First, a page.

Taiwan will continue to take a slow approach in opening the door for its tech sector to transfer technology or build advanced factories in China, the island's leader said Tuesday, despite concern the policy could cause companies on the island to lose out to rivals.
"Usually, our government is on the conservative side, meaning we won't be first," said Taiwan President Ma Ying-jeou, at a news conference in Taipei. "In dealing with the mainland, sometimes we're more cautious," he added.
The island's slow policy has a lot to do with its estranged relationship with mainland China. The two separated in 1949 amid civil war, and China considers Taiwan a renegade province. Beijing has vowed to attack if the island declares formal independence and has thousands of missiles aimed at Taiwan from its southern provinces.
Taiwanese officials fear transferring advanced technology to China that may be used to produce weaponry that could be turned around and aimed at the island. But as relations between the two warm and China opens its market to the world, some executives and analysts fear Taiwanese companies could be left behind.
Late last year, a decision by South Korea to grant LCD giants Samsung Electronics and LG Display permission to build their first advanced LCD factories in China caused an uproar among Taiwanese companies, which rank third and fourth globally behind Samsung and LG Display in the LCD industry. LCD makers want to move to China for several reasons, mainly to supply China's growing LCD-TV market with LCD panels, but also to take advantage of generous investment incentives from Beijing, including tax breaks and low-rent land.
Taipei revised its rules to allow its LCD makers, which include AU Optronics and Chimei Innolux, to build new factories in China in February, months after Seoul's decision.
Some Taiwanese executives believe their natural advantages in China, such as a shared language, Mandarin Chinese, and similar culture, should give them an edge in business dealings in China. But government foot-dragging in the technology sector often negates those benefits.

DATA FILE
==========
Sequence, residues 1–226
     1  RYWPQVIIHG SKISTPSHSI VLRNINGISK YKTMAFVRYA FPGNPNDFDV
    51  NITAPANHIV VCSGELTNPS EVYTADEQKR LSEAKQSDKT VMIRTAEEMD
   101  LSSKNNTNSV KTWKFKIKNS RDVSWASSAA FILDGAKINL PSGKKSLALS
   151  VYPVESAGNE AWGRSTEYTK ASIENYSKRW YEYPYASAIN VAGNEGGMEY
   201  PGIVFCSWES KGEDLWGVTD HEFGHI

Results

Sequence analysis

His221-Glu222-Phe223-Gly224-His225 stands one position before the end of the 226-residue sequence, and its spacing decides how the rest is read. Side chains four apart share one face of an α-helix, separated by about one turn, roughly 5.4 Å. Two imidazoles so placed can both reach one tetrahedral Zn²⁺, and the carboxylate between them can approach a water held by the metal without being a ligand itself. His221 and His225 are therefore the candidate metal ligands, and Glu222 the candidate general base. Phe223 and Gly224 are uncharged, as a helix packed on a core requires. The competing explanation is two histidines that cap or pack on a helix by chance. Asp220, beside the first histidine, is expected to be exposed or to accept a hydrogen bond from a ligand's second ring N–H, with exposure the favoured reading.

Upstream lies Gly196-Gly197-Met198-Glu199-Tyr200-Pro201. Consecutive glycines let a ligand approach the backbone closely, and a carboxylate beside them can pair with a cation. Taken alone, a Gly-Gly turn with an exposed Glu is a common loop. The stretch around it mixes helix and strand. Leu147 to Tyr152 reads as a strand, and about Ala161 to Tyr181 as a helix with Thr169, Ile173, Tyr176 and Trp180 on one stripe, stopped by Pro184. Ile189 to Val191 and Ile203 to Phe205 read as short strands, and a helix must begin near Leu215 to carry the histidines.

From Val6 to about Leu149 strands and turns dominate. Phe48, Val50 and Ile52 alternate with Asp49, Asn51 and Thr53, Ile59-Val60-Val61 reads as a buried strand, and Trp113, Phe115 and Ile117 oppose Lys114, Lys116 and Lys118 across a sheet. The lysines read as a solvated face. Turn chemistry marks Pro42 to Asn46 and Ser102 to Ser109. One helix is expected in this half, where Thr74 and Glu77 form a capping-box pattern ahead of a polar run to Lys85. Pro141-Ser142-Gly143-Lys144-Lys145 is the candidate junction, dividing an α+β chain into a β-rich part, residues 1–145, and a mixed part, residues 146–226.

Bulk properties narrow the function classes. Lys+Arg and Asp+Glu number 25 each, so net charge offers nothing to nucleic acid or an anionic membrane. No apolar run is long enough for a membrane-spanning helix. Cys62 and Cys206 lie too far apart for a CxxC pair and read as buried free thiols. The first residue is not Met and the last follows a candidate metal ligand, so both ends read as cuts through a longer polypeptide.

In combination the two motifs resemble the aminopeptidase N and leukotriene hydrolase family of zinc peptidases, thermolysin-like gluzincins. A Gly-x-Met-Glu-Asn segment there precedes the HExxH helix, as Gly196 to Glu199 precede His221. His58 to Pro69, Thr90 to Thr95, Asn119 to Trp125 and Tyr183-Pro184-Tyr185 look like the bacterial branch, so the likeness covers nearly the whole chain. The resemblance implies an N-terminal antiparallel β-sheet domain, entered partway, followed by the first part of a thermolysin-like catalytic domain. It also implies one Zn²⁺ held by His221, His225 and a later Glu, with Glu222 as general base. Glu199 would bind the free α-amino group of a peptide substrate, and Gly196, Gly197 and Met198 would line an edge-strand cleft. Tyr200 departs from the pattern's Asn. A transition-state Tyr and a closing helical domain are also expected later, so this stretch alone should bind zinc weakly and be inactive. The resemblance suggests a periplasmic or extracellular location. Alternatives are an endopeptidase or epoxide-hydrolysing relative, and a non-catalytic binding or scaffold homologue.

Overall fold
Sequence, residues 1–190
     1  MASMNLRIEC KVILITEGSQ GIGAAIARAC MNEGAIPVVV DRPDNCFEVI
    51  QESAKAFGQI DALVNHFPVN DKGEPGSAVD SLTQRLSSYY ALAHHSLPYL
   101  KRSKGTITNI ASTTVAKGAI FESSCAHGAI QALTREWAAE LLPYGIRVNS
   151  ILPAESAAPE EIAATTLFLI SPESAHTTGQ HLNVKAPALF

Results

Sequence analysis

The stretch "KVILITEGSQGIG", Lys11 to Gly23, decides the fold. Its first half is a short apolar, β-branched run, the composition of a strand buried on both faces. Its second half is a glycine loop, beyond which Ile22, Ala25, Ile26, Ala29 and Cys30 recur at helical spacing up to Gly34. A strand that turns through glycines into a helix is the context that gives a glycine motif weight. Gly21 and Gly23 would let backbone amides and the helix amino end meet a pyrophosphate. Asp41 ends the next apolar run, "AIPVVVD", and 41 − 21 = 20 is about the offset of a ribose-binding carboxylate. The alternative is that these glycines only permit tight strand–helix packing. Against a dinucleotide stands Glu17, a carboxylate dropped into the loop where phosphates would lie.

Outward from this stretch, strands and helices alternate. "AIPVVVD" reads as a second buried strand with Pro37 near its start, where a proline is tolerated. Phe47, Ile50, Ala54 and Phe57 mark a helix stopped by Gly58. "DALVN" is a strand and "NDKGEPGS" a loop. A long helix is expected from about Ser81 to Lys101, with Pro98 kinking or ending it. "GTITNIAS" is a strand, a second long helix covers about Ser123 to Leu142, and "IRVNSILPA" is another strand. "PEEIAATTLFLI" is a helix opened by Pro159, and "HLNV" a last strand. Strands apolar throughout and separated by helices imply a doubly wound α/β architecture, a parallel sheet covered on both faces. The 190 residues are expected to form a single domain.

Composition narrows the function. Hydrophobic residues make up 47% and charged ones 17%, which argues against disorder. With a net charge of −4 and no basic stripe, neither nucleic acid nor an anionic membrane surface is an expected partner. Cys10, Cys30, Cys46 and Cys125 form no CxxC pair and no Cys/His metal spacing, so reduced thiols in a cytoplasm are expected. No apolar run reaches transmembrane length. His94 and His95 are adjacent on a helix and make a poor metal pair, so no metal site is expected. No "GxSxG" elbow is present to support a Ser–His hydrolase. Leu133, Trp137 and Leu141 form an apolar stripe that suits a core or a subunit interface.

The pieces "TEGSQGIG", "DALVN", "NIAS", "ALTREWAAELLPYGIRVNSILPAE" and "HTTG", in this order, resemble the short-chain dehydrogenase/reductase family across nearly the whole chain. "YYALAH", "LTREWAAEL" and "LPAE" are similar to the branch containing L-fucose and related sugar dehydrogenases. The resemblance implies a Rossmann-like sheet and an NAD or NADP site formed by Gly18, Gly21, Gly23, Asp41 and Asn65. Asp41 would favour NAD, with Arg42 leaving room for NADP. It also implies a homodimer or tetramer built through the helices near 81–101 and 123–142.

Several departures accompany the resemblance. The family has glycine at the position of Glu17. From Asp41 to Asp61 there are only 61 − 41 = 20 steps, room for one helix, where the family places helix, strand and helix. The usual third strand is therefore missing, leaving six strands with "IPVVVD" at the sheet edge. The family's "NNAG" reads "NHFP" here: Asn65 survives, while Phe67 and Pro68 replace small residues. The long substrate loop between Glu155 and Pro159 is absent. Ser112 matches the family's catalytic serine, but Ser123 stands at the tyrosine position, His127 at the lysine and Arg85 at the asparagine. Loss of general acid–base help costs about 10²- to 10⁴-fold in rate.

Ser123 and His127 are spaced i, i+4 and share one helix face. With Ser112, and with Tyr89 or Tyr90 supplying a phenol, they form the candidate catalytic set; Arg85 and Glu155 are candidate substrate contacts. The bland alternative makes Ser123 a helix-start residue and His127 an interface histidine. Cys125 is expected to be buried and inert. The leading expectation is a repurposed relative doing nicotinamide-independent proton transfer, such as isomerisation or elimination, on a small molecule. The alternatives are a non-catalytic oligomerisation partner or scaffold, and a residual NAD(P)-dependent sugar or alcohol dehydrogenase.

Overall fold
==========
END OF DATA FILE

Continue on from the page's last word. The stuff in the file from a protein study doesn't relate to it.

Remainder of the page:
Taiwan's chip makers, for example, have fretted for years about the government's inhibitive China investment policies. Taipei disappointed some chip makers by leaving in place a ban on building advanced 12-inch wafer factories in China and keeping a limit of three 8-inch wafer plants in place when it revised rules for LCD makers. These rules leave Taiwanese companies behind a number of rivals in terms of the technology their able to use in factories. Semiconductor Manufacturing International (SMIC), China's largest contract chip maker, for example, can produce chips using advanced technology on 12-inch silicon wafers in China, while rival Taiwan Semiconductor Manufacturing (TSMC) is barred from doing so by Taiwanese rules.
"For 12-inch, we're very cautious about that, even though Intel has already set up their plant in Dalian [China] with that," said Ma.
U.S.-based Intel, the world's largest chip maker, has built a 12-inch chip factory in Dalian, China, that will start production in the fourth quarter of this year, company executives have said.
Taiwanese technology transfer works slowly by design. Taipei waits until a technology is already available in China, said Ma, and then checks to see if it is permissible by the Wassenaar Arrangement, a Cold War-era agreement meant to guard against transferring potential weapons-making technologies to countries that posed a threat. "Then, after careful study, we might let them go," he said. "We want to do it step by step."
"In every step, we want to make sure that this will not backfire or hurt Taiwanese interests," he added. "We don't want to be first."